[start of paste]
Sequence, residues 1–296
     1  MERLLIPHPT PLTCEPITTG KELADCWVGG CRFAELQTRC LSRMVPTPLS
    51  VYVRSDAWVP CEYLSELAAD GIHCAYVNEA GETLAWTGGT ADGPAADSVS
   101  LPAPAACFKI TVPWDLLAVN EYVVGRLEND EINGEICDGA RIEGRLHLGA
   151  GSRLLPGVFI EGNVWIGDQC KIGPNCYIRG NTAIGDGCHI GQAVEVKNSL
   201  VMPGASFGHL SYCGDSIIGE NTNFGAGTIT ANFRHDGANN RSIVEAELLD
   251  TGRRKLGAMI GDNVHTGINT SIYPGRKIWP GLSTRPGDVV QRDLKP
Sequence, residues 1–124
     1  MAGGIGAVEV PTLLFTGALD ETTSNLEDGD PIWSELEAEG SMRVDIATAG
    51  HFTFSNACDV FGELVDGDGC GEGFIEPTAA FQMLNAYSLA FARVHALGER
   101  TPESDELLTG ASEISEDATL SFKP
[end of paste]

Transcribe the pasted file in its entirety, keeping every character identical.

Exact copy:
Sequence, residues 1–296
     1  MERLLIPHPT PLTCEPITTG KELADCWVGG CRFAELQTRC LSRMVPTPLS
    51  VYVRSDAWVP CEYLSELAAD GIHCAYVNEA GETLAWTGGT ADGPAADSVS
   101  LPAPAACFKI TVPWDLLAVN EYVVGRLEND EINGEICDGA RIEGRLHLGA
   151  GSRLLPGVFI EGNVWIGDQC KIGPNCYIRG NTAIGDGCHI GQAVEVKNSL
   201  VMPGASFGHL SYCGDSIIGE NTNFGAGTIT ANFRHDGANN RSIVEAELLD
   251  TGRRKLGAMI GDNVHTGINT SIYPGRKIWP GLSTRPGDVV QRDLKP
Sequence, residues 1–124
     1  MAGGIGAVEV PTLLFTGALD ETTSNLEDGD PIWSELEAEG SMRVDIATAG
    51  HFTFSNACDV FGELVDGDGC GEGFIEPTAA FQMLNAYSLA FARVHALGER
   101  TPESDELLTG ASEISEDATL SFKP